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Fishing company Sanford looks to lay off 232 Christchurch staff

09 Apr 2015

Sanford, New Zealand's largest listed fishing group, is in consultations with 232 staff who look likely to lose their jobs at the company's Christchurch mussel processing plant due to a shortage of natural spat supply.

Sanford Chief Executive Volker Kuntzsch is in Christchurch meeting with staff this afternoon and a final announcement on the closure will be made in two to three weeks, the company said in an announcement.

He said recent weather patterns have impacted on natural spat (offspring) supply for several seasons to the point where the company has to reconsider its mussel processing capacity.

"Wild spat supply is the single biggest constraint on the mussel industry with current spat shortages limiting future crop supply. In the long term Sanford's recent investment with government, industry and research organisations in the selective breeding of mussels (will alleviate the industry's reliance on wild caught spat. However, at this stage it is not anticipated that these initiatives will boost crop supply to levels where Sanford's South Island plants are able to be efficiently utilised for the next two to three years," Kuntzsch said.

The Christchurch site became part of Sanford's operations with its 2010 acquisition of Pacifica Seafoods in 2010.

Sanford operates across the fishing industry, including inshore and deepwater fishing and processing, aquaculture operations farming salmon and mussels, and three international tuna vessels. The company has struggled against falling commodity prices for its skipjack tuna, blue mackerel and other oily fish, which in part has been offset by strong demand for its deepwater fish catches and stable prices for its greenshell mussels.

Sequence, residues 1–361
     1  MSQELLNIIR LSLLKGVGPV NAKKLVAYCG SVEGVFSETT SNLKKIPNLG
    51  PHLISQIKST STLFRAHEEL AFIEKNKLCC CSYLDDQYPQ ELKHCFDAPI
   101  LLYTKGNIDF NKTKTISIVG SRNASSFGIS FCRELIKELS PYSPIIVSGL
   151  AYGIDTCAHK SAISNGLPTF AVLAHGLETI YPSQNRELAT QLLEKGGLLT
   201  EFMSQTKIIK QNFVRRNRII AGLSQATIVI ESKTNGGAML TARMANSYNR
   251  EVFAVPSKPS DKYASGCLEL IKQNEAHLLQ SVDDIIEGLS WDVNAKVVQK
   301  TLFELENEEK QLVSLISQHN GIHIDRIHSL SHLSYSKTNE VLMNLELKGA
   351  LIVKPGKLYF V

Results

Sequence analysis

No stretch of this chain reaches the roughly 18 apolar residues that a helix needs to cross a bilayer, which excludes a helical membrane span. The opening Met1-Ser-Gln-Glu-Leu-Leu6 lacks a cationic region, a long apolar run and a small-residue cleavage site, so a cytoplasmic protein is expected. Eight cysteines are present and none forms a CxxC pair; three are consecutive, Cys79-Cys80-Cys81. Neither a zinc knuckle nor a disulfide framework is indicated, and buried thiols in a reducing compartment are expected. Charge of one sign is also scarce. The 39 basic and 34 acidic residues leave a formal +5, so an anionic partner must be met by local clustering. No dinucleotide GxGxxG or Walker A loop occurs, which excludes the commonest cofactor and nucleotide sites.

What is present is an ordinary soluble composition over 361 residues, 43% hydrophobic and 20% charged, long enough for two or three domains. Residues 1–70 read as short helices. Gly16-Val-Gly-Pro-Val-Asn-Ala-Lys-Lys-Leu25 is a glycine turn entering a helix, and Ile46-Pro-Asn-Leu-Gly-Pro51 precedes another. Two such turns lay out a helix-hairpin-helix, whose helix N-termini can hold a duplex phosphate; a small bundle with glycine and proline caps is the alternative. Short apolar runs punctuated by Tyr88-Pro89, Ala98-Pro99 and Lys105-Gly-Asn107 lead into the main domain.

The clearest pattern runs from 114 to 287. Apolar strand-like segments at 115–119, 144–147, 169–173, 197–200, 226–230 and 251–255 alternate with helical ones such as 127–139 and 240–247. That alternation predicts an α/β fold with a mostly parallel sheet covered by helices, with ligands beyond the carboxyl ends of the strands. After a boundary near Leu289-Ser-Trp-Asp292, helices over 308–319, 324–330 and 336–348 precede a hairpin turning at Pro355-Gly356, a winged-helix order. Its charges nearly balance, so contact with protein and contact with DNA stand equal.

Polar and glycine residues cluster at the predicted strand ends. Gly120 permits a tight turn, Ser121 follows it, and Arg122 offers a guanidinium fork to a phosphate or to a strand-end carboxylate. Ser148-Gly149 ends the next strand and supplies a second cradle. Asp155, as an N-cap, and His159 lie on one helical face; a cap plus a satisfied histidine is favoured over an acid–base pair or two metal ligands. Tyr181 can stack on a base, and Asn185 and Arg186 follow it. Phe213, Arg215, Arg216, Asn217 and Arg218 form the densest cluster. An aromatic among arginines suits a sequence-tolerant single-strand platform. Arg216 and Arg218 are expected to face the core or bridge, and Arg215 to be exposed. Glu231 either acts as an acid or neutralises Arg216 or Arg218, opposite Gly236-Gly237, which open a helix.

Given the outlook of Greenshell mussel crop supply in the short to medium term, the company now had to improve how it utilised processing by combining volumes from its manual opening plant in Christchurch and its automated facility in Havelock.

"Combining the volumes in one plant would eliminate the strong likelihood of intermittent processing interruptions, unpredictable shift patterns and two sub optimal manufacturing environments. This would also facilitate some level of protection against current pricing in international mussel markets, limiting the impact on the contribution mussels make to Sanford's performance," he said.

Efforts will be made to redeploy staff in other Sanford's other plants and fleet operations within the group or to find jobs with other employees in Christchurch.

Sanford reported a $22.4 million profit for the year ending Sept. 30, up 10 per cent on the previous year. Revenue was slightly down at $452.4 million.

Shares in the company are trading up 0.2 percent today to $4.81.

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